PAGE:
• "If from nothing is born something, and if everything comes to nothing, then something will be born again" is invalid, but even assuming it your title inference does not follow. The new "something" does not have to be you. Compare to politician's syllogism that equivocates on "something" in the same way:"We must do something, this is something, therefore, we must do it." And the answer to "why not?" is "why yes?", why would you appear again? "Seeming" logical does not make it logical.
    – Conifold
    Mar 8 at 7:06

3 Answers 3


"If from nothing is born something, and if everything comes to nothing, then something will be born again." It just seems logical.

No, it doesn't seem logical.

It is an assumption that is not supported by empirical evidence, and therefore cannot be considered a scientific fact. The idea that something can come from nothing also violates the law of conservation of energy, which states that energy cannot be created or destroyed, only transformed. Also some models suggest the universe arose from a quantum fluctuation within a pre-existing field. This field wouldn't be "nothing" in the strictest sense.


You conclusion has at least two logical errors:

  • First: You do not consider time. If at a certain time something came into existence from nothing, then not necessrily always something comes into existence from nothing.

  • Secondly: The second error is more severe: You consider the grammatical negation “nothing” as an independent object.

  • As a consequence, if I translate your conclusion with correct negation then:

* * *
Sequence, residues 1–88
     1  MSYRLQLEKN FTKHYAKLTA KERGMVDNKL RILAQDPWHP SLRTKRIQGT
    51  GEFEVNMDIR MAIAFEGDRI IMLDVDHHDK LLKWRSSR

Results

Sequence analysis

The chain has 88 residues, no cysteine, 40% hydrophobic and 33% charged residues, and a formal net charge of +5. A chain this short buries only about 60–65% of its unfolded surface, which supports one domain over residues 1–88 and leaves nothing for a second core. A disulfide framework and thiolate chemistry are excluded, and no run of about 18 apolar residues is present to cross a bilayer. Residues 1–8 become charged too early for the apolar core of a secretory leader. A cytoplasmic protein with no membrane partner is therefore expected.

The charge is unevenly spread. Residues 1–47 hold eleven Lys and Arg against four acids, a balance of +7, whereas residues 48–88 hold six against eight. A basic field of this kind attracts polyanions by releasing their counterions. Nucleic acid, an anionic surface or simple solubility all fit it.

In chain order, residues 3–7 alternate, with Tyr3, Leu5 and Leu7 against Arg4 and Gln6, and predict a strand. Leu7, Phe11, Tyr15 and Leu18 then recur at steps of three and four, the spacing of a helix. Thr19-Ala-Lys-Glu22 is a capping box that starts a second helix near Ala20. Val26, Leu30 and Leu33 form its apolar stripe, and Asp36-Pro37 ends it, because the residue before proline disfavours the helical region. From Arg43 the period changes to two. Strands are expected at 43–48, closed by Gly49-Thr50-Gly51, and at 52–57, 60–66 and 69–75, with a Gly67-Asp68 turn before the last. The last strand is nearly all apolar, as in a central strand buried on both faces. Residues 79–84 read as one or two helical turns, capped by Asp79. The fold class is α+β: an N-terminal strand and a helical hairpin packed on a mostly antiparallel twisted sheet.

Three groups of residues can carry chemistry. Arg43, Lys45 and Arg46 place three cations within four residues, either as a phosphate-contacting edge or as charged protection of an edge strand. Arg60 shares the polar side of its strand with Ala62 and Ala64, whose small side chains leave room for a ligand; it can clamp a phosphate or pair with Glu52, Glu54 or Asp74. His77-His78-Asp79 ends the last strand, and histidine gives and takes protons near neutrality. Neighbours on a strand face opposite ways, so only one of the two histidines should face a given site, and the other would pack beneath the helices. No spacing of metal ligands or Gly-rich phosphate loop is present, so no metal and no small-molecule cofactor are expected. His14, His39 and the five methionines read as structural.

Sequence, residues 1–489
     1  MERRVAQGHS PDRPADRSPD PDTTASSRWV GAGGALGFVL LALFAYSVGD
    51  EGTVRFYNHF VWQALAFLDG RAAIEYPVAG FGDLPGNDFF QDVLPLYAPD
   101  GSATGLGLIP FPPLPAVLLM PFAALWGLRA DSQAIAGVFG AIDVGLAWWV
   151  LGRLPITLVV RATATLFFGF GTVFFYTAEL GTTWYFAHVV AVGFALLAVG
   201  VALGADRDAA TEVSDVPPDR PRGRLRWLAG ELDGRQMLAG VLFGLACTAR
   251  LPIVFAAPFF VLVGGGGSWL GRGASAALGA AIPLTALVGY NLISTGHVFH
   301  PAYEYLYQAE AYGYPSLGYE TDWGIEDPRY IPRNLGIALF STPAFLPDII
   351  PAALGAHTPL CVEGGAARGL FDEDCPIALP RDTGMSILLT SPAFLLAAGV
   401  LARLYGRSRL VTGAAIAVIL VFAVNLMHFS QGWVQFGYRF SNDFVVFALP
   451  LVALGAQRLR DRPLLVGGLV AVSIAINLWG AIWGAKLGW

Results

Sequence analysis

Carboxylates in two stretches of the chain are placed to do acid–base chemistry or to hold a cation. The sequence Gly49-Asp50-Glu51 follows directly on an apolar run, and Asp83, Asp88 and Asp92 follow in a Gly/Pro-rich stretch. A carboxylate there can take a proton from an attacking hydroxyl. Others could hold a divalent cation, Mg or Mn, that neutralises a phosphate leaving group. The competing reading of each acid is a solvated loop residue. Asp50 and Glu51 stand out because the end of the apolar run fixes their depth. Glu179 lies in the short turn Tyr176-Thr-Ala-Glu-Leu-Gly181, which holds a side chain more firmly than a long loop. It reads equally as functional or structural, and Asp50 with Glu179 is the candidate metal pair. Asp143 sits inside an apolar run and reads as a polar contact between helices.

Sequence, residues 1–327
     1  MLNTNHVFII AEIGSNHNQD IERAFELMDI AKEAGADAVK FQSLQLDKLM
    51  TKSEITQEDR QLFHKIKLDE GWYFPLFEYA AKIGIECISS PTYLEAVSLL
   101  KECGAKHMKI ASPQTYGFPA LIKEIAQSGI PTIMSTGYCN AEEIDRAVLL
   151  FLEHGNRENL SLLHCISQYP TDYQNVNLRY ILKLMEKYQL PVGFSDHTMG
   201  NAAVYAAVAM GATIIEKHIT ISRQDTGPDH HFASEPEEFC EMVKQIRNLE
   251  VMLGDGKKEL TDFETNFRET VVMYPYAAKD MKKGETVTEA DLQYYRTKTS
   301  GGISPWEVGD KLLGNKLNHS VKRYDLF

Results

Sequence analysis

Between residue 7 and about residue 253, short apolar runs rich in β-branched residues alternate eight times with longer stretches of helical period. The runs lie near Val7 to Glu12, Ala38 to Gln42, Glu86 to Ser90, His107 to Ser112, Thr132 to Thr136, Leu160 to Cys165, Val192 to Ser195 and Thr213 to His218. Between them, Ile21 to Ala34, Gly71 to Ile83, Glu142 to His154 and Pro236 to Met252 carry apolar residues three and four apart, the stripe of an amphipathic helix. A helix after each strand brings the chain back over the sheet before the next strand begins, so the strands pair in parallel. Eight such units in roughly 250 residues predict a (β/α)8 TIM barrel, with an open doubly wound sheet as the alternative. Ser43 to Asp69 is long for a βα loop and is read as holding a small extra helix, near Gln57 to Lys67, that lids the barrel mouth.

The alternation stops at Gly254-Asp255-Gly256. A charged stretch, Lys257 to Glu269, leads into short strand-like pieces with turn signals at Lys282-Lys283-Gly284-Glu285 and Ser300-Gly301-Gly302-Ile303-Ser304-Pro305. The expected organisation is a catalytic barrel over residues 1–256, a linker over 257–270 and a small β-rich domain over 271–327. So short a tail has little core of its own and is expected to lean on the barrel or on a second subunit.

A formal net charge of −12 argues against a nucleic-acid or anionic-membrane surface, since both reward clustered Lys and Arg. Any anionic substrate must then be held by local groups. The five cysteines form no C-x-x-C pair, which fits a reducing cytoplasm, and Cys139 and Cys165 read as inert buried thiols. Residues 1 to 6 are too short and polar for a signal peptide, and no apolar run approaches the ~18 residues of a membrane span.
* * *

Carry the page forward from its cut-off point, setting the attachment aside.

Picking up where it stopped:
“Something comes into existence from nothing” means

    Something came into existence without a further cause.

    "Everything comes to nothing” means

    Everything terminates to exist.

    From "Something came into existence without a further cause" and "Everything terminates to exist" you cannot any longer derive your conclusion.

The point is: The language sometimes seduces to draw a false conclusion.


Yes. Given infinite time, particles will eventually randomly form something very close to "you" again. This is the Boltzmann Brain scenario. It's not exactly from "nothing" - it's from the random soup of particles left after the heat death of the universe, colliding randomly to (eventually, over truly vast time scales) accumulate to form brains, bodies, planets, even galaxies.

This accumulation would be against the arrow of entropy, like an egg spontaneously un-cracking itself. But as the inexorable increase of entropy is only a matter of probability, there's a tiny chance entropy will locally decrease sometimes, and given vast enough amounts of time, that chance becomes near certainty.

But it applies to space, too. Given infinite space, there are infinite "yous" already, concurrently at this very moment. One might be on some planet 10^(10^(10^10)) km away that by chance happened to be almost exactly like Earth. So there's no need to wait, and when you die there are still a lot of you left and infinitely more being born every second.

All of this presumes the universe is actually infinite in time or space, which we don't actually know. Time or space might be finite.